The Student Information Processing Board (SIPB) is a student group at the Massachusetts Institute of Technology (MIT) that helps students access computing resources and use them effectively.


SIPB was founded in 1969 by Bob Frankston, Gary Gut, David Burmaster, and Ed Fox.[1][2][3] At the time, computers in universities were still expensive resources reserved for funded research projects. Through an arrangement with the MIT administration, SIPB administered student accounts on university-owned computers. This allowed students access to MIT's timeshared computers when computers otherwise cost millions of dollars and were as big as an entire room.[3]

In 1983, MIT launched Project Athena, an initiative to create a distributed computing system for educational use.[4] SIPB was instrumental in the creation of Project Athena[2] and helped to provide MIT students with access to computing resources for independent projects.[4] Project Athena led to several important Unix technologies such as X11, instant messaging, and network filesystems.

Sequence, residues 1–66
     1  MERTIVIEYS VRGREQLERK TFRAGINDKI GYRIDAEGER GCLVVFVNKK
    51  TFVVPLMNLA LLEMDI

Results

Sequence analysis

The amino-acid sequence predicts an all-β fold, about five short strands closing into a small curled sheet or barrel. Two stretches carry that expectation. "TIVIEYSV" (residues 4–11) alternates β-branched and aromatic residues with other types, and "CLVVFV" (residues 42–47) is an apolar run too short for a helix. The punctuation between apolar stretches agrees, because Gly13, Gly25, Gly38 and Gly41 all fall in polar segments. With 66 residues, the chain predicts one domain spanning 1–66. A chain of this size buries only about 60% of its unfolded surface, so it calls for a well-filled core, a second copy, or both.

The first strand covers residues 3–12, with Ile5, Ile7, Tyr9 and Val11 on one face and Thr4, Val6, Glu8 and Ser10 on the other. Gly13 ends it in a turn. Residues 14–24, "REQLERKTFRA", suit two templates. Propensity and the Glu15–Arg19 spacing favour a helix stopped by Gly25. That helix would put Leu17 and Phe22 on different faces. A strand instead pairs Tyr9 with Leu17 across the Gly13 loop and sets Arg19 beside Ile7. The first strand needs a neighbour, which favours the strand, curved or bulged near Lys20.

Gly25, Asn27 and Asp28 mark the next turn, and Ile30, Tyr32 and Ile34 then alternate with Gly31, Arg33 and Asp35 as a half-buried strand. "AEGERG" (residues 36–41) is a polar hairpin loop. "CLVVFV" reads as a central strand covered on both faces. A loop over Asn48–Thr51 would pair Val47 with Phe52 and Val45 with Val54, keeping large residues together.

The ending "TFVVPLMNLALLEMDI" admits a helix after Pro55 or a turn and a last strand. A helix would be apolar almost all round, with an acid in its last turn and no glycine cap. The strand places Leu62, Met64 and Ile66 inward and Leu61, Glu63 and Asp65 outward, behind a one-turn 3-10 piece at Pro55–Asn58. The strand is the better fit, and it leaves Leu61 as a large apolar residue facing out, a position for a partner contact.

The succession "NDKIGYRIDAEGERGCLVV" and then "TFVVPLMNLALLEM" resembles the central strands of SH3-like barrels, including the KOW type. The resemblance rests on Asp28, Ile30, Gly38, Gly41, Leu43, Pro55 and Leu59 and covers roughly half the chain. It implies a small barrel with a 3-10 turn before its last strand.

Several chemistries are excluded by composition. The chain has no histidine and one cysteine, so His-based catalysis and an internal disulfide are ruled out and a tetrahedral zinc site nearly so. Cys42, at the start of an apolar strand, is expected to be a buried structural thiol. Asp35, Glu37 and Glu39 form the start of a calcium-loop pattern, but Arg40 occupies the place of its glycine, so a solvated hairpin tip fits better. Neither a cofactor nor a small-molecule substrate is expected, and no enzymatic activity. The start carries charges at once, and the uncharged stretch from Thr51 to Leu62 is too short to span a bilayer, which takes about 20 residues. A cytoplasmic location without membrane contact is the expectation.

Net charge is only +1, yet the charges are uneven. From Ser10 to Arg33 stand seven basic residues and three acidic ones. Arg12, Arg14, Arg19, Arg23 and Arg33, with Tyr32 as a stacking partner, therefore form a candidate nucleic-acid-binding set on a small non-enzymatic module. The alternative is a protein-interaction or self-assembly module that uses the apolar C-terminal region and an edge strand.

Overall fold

SIPB set up a Web server at in 1993, when the number of public web servers was roughly 100 and long before university Web sites became common. When MIT finally did set up an official website, it was at


SIPB has been instrumental for funding technical software projects that benefit the MIT community. These have included:[5]


  1. ^ Denning, Peter J.; Metcalfe, Robert M. (2012-12-06). Beyond Calculation: The Next Fifty Years of Computing. Springer Science & Business Media. p. 293. ISBN 9781461206859.
  2. ^ a b Van Vleck, Thomas (ed.). "Multics Glossary -S-". Retrieved 2016-03-06.
  3. ^ a b "SIPB History". Retrieved 2021-10-14.
  4. ^ a b Garfinkel, Simson L. (November–December 1988). "A Second Wind for Athena" (PDF). Technology Review. Retrieved 25 January 2016.
  5. ^ "Projects and Services". Retrieved 2020-05-04.
  6. ^ "Building and reconnecting MIT in Minecraft". MIT News. Retrieved 24 May 2020.